SPOILER ALERT: I am going to have to spoil a few things in order to be able to talk about the movie, so if you do not want any spoilers, stop reading now, watch “Bliss,” and then if you want to know more about what I think about it, you can come back. Isabel does not give Greg the whole story. She just takes him to stay with her at a makeshift shelter in an area where homeless people camp out. It turns out she and Greg are not just part of but responsible for an experiment in re-calibration for people who have found the idyllic life of the future so blissful the only thing they have to complain about is the temperature of the pool water. It just might be that even in a world supposedly free from stress there still remain concerns (about the legitimacy and success of one’s research in absolute terms and in the way it is perceived by others). It may also be that worry and fear are inextricably linked to creativity, imagination, and an innate human inclination to problem solving and some notion of progress.

These are wonderful questions to explore and there are moments of real emotion in the film along with superb design work by Kasra Farahani (“Captain Marvel”). But the script gets tangled up in its own perameters of the world or worlds it creates. The internal logic of the storyline is inconsistent enough to undermine our connection to the characters and to the issues it raises. In case you’re looking around wondering which reality you’re in, my advice is to bet on the one with Bill Nye the Science Guy in it.

Parents should know that this movie includes strong language, peril, and an apparent accidental homicide.

Family discussion: Which reality would you chose and why? What would happen if all trouble, stress, and worry was removed from our lives?

If you like this, try: “The Matrix,” “The Black Box,” “Black Mirror,” and “Passion of Mind”

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Drama movie review Movies -- format Movies -- Reviews Science-Fiction

Wonder

Posted on November 16, 2017 at 5:46 pm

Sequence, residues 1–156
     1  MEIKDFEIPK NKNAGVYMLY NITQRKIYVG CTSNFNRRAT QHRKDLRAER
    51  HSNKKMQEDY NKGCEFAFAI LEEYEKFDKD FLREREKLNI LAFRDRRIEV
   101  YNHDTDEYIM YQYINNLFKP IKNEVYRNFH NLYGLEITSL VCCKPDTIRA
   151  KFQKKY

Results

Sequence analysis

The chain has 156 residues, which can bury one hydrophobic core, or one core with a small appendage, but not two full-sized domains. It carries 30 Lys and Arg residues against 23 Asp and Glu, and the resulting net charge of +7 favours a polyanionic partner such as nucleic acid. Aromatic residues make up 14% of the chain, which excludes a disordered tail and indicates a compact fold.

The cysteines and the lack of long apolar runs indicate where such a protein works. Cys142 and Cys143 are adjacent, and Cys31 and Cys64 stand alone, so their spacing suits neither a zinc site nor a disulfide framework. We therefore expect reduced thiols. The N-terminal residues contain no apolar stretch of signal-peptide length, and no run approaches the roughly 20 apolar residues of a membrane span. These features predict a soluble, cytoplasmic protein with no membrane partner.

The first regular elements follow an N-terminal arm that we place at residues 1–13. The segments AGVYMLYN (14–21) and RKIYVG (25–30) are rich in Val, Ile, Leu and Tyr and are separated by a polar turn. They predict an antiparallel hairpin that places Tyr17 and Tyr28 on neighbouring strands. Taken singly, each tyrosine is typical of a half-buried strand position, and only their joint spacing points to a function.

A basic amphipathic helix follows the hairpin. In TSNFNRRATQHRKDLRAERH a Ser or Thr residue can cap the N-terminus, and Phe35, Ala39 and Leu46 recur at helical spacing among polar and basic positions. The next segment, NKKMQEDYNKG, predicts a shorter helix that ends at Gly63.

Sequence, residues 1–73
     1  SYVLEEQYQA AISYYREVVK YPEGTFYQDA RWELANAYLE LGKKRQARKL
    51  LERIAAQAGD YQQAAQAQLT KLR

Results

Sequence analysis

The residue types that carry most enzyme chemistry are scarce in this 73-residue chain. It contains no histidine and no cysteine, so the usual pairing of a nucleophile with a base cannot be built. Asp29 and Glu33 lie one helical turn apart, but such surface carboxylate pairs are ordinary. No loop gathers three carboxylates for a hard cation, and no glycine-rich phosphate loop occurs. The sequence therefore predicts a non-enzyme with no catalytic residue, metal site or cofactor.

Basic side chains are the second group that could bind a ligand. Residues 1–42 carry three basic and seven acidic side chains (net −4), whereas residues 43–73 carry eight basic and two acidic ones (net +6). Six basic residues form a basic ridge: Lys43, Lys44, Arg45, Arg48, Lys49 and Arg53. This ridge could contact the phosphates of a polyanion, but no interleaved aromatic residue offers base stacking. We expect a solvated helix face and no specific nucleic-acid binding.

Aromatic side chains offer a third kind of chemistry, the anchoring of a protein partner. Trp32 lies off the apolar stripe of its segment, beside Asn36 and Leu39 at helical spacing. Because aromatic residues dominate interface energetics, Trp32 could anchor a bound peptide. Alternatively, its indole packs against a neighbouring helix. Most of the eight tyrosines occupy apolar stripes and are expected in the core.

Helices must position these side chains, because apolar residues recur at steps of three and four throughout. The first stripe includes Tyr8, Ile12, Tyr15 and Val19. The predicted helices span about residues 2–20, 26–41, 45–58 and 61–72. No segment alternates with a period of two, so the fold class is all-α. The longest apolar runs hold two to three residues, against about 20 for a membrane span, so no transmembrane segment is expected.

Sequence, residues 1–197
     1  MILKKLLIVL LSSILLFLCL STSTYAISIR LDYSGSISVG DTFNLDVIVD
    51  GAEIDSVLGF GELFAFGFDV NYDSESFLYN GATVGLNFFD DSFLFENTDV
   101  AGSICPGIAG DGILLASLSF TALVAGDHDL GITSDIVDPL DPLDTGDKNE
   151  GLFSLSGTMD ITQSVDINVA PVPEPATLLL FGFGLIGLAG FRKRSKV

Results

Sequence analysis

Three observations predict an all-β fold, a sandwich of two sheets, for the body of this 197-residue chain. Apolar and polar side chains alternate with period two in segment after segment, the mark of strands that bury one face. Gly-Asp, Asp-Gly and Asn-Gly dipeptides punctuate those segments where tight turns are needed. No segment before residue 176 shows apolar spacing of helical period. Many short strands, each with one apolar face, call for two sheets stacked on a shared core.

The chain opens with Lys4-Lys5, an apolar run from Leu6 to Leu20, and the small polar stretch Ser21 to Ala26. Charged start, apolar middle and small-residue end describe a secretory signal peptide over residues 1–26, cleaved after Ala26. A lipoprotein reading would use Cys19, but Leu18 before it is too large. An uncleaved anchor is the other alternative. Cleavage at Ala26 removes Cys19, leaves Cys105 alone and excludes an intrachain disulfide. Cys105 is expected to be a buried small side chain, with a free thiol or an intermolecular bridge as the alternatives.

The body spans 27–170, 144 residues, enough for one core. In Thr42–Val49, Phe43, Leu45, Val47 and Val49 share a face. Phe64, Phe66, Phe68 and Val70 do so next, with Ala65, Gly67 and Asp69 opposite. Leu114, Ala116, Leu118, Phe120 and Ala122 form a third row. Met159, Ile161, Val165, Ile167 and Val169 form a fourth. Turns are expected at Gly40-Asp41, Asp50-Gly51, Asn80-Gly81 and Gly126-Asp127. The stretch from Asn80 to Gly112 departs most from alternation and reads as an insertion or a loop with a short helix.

A-
Lowest Recommended Age: 4th - 6th Grade
MPAA Rating: Rated PG for thematic elements including bullying, and some mild language
Profanity: Some schoolyard language
Alcohol/ Drugs: None
Violence/ Scariness: Some bullying and peril
Diversity Issues: A theme of the movie
Date Released to Theaters: November 17, 2017

Copyright 2017 Lionsgate
Wonder is more than a book — it is a movement. R.J. Palacio’s book, Wonder, and its follow-ups, including Auggie & Me, have become hugely popular with middle schoolers and their teachers. That is because it is not a story about disability, even though its hero is a 10-year-old with craniofacial deformity who is starting school for the first time after 27 surgeries. It is a story about friendship, family, and above all, kindness. As the 5th grade teacher writes on the blackboard, “When given the choice between being right and being kind, choose kind.”

Auggie (“Room’s” Jacob Tremblay) lives with his loving parents (Julia Roberts and Owen Wilson), his devoted older sister Via (for Olivia) (Izabela Vidovic), and their dog in a comfortable New York brownstone. With medical treatment to help him see and hear, Auggie’s face is misshapen and scarred. School principal Mr. Tushman (Mandy Patinkin) tries to put Auggie at ease by joking about his name (everyone has something people make fun of) and recruiting three students to give him a tour of the building before school starts. Scholarship student and all-around boy next door Jack (Noah Jupe), self-centered but not mean Charlotte (Elle McKinnon), and nice-to-grownups-but-a-bully-to-anyone-who-makes-him-uncomfortable Julian (Bryce Gheisar) show him around, alternating between rude questions and pretending he’s not there.